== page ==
An Intern’s Point of View


As a high school junior with an inadequate resume, arriving at the veterans equity center was an opportunity for fresh experience. I did not know what to expect, I was prepared to carry a briefcase, wear slacks, and make coffee runs. In reality, it was nothing like the movies. For the most part, I sat behind a computer. However, this office was not a typical corporation aiming to stuff their wallets more than any individual would suffice. Instead I gained the satisfaction of working for a non profit organization who benefits others that truly need help.

Veterans displayed allegiance, bravery, and devotion to our country. Therefore Veterans Equity Center was created to offer those veterans benefits they deserve. Benefits such as FVEC, SSI, Disability Compensation, etc. They also offer a lot of events and activities such as karaoke, dancing, arts and crafts, computer classes, and bingo. From my point of view, this gives the seniors something to look forward to. During these events, I usually help out or clean up afterwards. For example at karaoke time, I help with serving tea, make snacks, or when there is a spill, I’ll grab a mop. Besides that, I would help with Food Distribution every thursday. The seniors are usually really cute and funny, you should see their faces when they put the stone fruits into their sacks. Otherwise I mostly file, or work on the computer.


Before this internship I only knew how to print and copy. Who’d knew there be so many functions to a copier machine? There were many things I used to think were trivial, things I assumed I would know how to do. Such as making labels, scanning, converting files to PDF, using excel, and even hole punching had a particular technique. But when it was actually needed in the office, I would fluster. Now thanks to daily repetitions, I consider myself a pro.

Majority of the Internship was not challenging, but if I had to choose it would be two things: assimilating to office protocol, and the language barrier. I consider myself a timid person when it comes to meeting new people. Therefore, when I’m uncertain about something I would be hesitant to ask. Also everyone looks so busy, and I did not want to bother them. Then I would just be left alone to figure it out. But now I learned that it would just be safest to ask, because you might break something if you don’t know how to operate it. As for the language barrier, most of the people are Tagalog speaking. Despite how much I want to help them, it would be hard to decipher what they were saying. Most of the time there it becomes an awkward conversations with confused faces, mumbles, and gestures.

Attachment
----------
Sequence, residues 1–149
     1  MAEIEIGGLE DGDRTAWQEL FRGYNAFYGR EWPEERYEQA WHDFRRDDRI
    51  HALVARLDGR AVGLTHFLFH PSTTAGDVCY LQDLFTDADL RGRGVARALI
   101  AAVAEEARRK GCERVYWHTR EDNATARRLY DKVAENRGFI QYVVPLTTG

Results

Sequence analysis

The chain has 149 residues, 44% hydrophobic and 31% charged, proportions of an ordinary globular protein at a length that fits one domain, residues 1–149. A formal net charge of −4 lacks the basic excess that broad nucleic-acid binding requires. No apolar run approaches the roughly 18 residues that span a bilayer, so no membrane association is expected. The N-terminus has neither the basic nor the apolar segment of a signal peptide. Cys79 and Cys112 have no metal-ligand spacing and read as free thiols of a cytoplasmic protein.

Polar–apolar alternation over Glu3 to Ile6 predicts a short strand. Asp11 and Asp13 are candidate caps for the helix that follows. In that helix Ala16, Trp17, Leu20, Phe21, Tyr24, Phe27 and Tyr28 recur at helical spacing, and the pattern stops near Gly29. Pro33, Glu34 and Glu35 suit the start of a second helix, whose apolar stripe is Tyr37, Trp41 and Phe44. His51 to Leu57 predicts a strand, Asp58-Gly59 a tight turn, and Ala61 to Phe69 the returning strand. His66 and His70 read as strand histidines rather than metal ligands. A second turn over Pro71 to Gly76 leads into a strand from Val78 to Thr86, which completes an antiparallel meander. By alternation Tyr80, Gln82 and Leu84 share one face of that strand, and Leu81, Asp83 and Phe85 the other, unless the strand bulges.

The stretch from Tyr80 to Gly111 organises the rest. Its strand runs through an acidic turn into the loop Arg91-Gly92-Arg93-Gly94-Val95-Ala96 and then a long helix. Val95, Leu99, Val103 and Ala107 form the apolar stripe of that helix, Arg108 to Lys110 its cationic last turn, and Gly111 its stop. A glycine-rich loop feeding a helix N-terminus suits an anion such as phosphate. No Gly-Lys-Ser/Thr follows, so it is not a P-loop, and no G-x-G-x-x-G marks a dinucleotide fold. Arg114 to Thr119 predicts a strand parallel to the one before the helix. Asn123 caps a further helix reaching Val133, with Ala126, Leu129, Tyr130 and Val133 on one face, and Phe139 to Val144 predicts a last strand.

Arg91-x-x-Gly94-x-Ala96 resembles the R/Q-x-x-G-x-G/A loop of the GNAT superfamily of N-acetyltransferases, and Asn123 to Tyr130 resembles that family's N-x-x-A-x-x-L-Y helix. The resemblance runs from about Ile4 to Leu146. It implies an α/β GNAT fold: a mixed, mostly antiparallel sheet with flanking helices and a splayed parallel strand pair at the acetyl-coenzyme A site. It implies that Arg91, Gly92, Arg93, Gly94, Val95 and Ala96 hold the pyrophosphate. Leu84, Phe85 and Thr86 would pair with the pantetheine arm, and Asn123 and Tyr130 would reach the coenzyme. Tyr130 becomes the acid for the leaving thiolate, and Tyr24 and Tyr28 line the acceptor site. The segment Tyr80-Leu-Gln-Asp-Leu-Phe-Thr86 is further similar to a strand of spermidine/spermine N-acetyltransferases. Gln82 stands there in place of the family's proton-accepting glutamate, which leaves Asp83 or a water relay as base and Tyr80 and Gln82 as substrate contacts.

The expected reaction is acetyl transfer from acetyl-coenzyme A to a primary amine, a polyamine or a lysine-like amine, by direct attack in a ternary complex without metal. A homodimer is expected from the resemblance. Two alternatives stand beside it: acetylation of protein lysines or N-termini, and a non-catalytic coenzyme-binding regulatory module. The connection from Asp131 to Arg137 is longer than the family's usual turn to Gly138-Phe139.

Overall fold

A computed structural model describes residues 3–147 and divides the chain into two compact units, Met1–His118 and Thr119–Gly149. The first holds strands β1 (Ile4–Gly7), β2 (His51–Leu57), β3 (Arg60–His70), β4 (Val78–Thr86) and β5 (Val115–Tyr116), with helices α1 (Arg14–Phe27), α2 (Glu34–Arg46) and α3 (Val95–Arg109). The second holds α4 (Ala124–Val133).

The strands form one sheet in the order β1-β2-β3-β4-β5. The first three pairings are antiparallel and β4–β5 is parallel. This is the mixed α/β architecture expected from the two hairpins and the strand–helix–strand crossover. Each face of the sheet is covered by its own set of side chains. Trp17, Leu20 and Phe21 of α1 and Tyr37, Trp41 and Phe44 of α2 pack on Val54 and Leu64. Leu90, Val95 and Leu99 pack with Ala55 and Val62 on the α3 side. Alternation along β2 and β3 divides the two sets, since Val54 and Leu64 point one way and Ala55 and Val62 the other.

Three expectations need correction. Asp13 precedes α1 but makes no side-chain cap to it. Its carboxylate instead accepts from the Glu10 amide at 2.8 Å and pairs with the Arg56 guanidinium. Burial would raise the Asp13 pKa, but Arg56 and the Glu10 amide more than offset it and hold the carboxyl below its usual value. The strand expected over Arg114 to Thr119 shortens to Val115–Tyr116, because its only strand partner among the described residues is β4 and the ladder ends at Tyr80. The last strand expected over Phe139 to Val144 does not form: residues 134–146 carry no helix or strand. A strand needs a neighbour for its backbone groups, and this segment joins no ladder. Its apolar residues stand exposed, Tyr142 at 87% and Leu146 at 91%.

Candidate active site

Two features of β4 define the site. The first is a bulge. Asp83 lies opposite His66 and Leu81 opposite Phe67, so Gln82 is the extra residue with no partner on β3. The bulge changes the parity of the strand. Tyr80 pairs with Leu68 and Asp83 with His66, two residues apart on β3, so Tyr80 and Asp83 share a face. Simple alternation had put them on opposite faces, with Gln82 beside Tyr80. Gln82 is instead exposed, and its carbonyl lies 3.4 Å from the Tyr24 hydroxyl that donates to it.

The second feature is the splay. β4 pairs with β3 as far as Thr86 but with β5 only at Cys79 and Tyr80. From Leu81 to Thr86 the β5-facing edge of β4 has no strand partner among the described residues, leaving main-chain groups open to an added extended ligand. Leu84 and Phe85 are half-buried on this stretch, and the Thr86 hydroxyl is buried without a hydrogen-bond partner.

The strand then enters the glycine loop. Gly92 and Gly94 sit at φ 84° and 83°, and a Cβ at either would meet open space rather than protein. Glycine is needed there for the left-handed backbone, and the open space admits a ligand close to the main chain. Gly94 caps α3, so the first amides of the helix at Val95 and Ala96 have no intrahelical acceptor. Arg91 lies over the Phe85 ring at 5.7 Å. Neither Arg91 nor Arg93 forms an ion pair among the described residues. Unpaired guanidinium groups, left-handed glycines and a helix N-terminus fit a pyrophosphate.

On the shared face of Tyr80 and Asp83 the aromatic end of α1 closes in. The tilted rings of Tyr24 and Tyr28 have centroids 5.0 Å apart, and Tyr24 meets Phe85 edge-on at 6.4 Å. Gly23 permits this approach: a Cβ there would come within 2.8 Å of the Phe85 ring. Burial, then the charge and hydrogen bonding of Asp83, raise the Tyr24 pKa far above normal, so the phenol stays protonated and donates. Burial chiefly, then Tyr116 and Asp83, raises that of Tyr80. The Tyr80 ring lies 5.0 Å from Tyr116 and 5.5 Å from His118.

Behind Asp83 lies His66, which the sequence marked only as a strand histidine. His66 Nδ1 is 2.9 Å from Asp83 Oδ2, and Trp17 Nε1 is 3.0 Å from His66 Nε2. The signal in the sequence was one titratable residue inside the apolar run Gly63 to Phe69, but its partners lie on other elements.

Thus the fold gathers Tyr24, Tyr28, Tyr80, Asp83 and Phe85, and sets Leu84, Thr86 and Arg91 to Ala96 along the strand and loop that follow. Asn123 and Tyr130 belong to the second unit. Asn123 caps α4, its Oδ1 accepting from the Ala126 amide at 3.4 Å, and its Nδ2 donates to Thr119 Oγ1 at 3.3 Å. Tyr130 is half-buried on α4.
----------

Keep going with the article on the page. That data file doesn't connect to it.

Now that I have completed the internship I have noticed something about myself. This would be something I’d like to improve about myself in the future. My punctuality needs improvement. I am constantly arriving late and I know this is very unprofessional. If I continue this bad habit it will affect me academically and professionally. I know VEC was very lenient about it, but this doesn’t apply to everywhere else. In the following school year, I will be aiming for perfect attendance.

From overhearing the clients that come into our office, I’ve learned that a lot of people in the South of Market are not as privileged as me. I complain about being bloated, when others barely have a can of beans to eat. I shower for an hour sometimes, when other don’t have the luxury to running water. I have a roof over my head, when others sleep on concrete and cardboard. I have over ten pairs of shoes, while others could only afford a pair. I take many things for granted and do not realize how lucky I am. I should really learn to cherish what I already have. As I leave, I will take this lesson to my home and community by telling them all the stories and the truth about the South of Market.


In Conclusion, I have consumed bountiful knowledge here, but this was just the initiation. VEC provided me with a strong foundation to face anything coming my way. I know there is a lot out there for me to explore. As I bid thee farewell, I want to thanks all the staff for being so kind and good luck to everyone else!

By Christine Van

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